UNDER GRACE

And now Paul shows us where our power — to be used as weapons for righteousness — comes from . Verse 14.

“For sin will have no dominion over you, since you are not under law but under grace.” (Romans 6:14 ESV)

Our power in being used as weapons for righteousness is that we — if you believe — are not under the reign of sin — but are under the reign and rule of God’s grace.

Or to say it another way, “Sin can’t tell you how to live. After all, you’re not living under that old tyranny any longer. You’re living in the freedom of God.” (Romans 6:14, MSG)

Earlier in Romans, Paul told us what it means to live under grace. To be under grace is to have “God’s wonderful grace rule” (Romans 5:21, NLT) over you. He’s told us that being under God’s grace is “where we stand” (Romans 5:2, NLT)— this is the ground our feet are planted on. To live under grace means we have “triumph over sin and death through...Jesus Christ.”( Romans 5:17, NLT) It means we live a life that’s different from the life we used to live under the reign of sin — such a different life that it’s like — really it’s more than “like” — it’s that you have died to sin’s reign (Romans 6:2, NLT) and have been raised from the dead. (Romans 6:11, NLT)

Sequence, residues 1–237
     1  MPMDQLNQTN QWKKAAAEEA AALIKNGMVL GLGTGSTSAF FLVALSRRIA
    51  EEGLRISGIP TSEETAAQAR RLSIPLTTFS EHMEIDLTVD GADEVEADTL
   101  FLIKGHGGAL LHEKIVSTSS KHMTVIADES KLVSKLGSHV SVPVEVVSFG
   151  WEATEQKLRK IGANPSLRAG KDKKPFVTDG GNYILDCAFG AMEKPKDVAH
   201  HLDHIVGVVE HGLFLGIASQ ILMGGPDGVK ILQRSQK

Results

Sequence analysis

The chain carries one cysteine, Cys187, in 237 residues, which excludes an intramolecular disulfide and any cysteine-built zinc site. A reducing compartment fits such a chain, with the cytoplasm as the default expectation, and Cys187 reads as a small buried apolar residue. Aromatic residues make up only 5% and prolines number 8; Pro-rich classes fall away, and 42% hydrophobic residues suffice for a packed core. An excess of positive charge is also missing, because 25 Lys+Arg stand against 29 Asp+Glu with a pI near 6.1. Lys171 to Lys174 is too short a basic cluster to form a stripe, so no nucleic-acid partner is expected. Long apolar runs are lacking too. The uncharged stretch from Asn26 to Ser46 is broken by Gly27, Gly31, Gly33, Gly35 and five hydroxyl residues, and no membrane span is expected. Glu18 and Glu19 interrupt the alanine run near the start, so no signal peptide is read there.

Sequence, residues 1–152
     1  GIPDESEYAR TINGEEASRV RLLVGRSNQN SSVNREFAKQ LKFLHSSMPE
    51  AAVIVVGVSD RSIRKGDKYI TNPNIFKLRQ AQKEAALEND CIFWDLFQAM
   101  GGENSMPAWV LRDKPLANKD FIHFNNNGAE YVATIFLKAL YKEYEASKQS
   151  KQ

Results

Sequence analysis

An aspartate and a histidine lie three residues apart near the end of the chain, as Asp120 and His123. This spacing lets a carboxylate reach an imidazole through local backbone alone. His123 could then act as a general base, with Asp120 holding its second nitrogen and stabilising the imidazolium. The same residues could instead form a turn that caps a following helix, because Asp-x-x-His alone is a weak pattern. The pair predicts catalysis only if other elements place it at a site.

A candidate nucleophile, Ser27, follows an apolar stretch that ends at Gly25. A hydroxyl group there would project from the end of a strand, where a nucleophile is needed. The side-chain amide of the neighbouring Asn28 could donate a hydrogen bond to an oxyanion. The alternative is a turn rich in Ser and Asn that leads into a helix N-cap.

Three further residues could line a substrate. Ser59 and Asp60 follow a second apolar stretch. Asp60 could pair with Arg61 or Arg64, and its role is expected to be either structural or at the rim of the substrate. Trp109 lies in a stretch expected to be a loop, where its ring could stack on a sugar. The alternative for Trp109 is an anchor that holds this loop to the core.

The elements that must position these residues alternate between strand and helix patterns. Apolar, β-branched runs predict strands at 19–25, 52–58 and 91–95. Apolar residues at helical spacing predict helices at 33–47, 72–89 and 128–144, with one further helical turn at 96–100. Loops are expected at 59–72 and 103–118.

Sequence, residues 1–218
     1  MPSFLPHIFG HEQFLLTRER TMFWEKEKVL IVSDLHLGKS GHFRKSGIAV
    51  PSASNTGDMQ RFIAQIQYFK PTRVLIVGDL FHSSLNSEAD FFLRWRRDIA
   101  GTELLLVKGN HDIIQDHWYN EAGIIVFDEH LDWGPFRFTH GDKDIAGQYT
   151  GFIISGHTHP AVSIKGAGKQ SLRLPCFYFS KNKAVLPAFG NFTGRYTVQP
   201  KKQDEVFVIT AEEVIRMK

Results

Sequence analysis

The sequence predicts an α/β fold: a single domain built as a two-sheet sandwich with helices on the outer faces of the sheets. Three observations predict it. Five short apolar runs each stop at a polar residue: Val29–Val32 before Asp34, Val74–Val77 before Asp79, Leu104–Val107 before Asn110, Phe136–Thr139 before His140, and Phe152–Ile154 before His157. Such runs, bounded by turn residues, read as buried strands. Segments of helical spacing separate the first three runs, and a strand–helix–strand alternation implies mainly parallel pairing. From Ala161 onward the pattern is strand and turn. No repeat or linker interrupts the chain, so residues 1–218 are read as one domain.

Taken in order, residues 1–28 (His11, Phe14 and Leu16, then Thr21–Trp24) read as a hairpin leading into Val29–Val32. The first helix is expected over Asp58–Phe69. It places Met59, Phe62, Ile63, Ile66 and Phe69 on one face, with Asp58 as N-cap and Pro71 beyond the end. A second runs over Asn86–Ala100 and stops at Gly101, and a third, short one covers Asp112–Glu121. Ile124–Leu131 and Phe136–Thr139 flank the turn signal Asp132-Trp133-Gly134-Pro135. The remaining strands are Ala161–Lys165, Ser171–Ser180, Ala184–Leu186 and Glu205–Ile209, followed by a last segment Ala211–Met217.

And all of these wonderful — glorious — undeserved — hope-filled — truths lead us to the commands we’re to obey and give us the power to obey them.

  • Don’t let sin reign in your life.

  • Don’t be used as a weapon for unrighteousness.

  • Be used as a weapon for righteousness.

  • Why? How? Because you are under the reign of grace!

CONCLUSION

So — Christian — these truths aren’t just showing you what you can — or will be — some day. These truths show you who you are right now. Having been united with Christ in his death — you have been resurrected with him. This is who you are — right now — if you’ve repented of your sins and have turned to Jesus in faith. So the command is this: Be who you already are. Be who God says you are. Be a weapon of righteousness. Live in freedom.

Now I realize that you may be listening to all that I’ve said and still believe “what feels good is good.” You’re not willing to accept the idea of sin being an evil power that enslaves us. So here’s what I’d ask you to consider: “If what feels good is good” — why do so many people do things that you’d say aren’t good? Why the rage on Twitter and social media because someone was simply doing something they felt was good?